The high speed controller 708 manages bandwidth-intensive operations for the computing device 700, while the low speed controller 712 manages lower bandwidth-intensive operations. Such allocation of functions is exemplary only. In one implementation, the high-speed controller 708 is coupled to memory 704, display 716 (e.g., through a graphics processor or accelerator), and to high-speed expansion ports 710, which may accept various expansion cards (not shown). In the implementation, low-speed controller 712 is coupled to storage device 706 and low-speed expansion port 714. The low-speed expansion port, which may include various communication ports (e.g., USB, Bluetooth, Ethernet, wireless Ethernet) may be coupled to one or more input/output devices, such as a keyboard, a pointing device, a scanner, or a networking device such as a switch or router, e.g., through a network adapter.

The computing device 700 may be implemented in a number of different forms, as shown in the figure. For example, it may be implemented as a standard server 720, or multiple times in a group of such servers. It may also be implemented as part of a rack server system 724. In addition, it may be implemented in a personal computer such as a laptop computer 722. Alternatively, components from computing device 700 may be combined with other components in a mobile device (not shown), such as device 750. Each of such devices may contain one or more of computing device 700, 750, and an entire system may be made up of multiple computing devices 700, 750 communicating with each other.

Computing device 750 includes a processor 752, memory 764, an input/output device such as a display 754, a communication interface 766, and a transceiver 768, among other components. The device 750 may also be provided with a storage device, such as a microdrive or other device, to provide additional storage. Each of the components 750, 752, 764, 754, 766, and 768, are interconnected using various buses, and several of the components may be mounted on a common motherboard or in other manners as appropriate.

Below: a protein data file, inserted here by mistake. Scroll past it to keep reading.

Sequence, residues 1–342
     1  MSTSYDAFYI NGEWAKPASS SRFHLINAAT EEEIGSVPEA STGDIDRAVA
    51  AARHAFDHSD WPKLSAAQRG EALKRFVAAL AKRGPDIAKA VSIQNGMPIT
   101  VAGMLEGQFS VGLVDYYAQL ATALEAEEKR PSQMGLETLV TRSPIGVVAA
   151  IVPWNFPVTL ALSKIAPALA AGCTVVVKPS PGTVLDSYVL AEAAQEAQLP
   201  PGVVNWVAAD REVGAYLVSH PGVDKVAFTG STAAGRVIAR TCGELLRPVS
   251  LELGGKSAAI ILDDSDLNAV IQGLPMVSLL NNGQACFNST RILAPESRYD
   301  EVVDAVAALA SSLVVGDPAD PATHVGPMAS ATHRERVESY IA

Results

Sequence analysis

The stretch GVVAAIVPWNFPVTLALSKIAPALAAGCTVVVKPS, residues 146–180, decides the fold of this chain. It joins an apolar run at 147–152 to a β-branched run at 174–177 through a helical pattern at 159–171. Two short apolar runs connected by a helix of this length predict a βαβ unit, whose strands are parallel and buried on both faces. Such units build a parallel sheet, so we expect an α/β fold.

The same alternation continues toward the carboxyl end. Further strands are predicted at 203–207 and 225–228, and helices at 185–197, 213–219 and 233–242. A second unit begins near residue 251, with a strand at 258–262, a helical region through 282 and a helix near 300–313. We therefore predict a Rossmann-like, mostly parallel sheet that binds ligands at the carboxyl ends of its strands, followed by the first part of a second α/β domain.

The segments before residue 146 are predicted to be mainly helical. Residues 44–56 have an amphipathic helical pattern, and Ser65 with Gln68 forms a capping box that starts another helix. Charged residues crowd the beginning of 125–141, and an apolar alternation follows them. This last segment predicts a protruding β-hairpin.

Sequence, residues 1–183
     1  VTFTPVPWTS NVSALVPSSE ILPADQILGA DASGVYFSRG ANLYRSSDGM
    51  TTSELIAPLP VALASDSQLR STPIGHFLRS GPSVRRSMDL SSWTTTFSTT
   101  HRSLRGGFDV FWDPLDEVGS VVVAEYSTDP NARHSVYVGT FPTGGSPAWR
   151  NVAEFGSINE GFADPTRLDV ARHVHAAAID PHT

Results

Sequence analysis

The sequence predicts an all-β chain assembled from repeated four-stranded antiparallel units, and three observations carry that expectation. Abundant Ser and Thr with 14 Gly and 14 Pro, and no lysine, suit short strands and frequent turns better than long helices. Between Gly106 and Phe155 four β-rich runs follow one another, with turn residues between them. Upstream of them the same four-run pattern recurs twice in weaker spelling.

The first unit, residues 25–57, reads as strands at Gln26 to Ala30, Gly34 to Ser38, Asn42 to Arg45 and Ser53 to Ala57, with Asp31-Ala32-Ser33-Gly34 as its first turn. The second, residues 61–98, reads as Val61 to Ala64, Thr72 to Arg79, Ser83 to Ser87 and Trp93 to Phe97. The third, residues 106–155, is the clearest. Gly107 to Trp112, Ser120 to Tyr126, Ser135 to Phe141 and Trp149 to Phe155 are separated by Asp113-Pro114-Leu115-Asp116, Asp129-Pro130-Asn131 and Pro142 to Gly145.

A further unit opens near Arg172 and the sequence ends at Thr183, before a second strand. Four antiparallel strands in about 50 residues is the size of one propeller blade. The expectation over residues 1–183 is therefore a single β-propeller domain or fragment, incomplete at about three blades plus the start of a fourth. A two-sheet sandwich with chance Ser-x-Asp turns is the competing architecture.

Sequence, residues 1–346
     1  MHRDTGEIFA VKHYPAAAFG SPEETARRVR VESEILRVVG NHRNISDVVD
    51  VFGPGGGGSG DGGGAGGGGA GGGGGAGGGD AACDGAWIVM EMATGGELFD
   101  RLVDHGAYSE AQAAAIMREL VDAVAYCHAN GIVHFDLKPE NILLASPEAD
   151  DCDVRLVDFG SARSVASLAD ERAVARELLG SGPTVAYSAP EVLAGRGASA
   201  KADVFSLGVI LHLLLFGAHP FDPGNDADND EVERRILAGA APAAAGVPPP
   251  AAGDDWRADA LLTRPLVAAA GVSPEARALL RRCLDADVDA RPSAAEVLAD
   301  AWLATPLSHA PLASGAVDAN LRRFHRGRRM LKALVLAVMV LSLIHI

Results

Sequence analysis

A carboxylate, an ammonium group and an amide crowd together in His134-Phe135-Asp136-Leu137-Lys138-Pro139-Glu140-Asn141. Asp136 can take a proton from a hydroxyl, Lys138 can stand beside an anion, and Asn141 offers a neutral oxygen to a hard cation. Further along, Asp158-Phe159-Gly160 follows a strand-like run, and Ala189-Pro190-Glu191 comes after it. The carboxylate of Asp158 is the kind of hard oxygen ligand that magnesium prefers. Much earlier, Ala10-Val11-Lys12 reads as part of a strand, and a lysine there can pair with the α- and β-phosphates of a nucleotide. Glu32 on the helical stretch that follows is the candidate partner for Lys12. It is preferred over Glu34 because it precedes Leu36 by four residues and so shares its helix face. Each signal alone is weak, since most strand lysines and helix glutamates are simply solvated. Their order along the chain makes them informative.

The processor 752 can execute instructions within the computing device 750, including instructions stored in the memory 764. The processor may be implemented as a chipset of chips that include separate and multiple analog and digital processors. The processor may provide, for example, for coordination of the other components of the device 750, such as control of user interfaces, applications run by device 750, and wireless communication by device 750.

Processor 752 may communicate with a user through control interface 758 and display interface 756 coupled to a display 754. The display 754 may be, for example, a TFT LCD (Thin-Film-Transistor Liquid Crystal Display) or an OLED (Organic Light Emitting Diode) display, or other appropriate display technology. The display interface 756 may comprise appropriate circuitry for driving the display 754 to present graphical and other information to a user. The control interface 758 may receive commands from a user and convert them for submission to the processor 752. In addition, an external interface 762 may be provide in communication with processor 752, so as to enable near area communication of device 750 with other devices. External interface 762 may provide, for example, for wired communication in some implementations, or for wireless communication in other implementations, and multiple interfaces may also be used.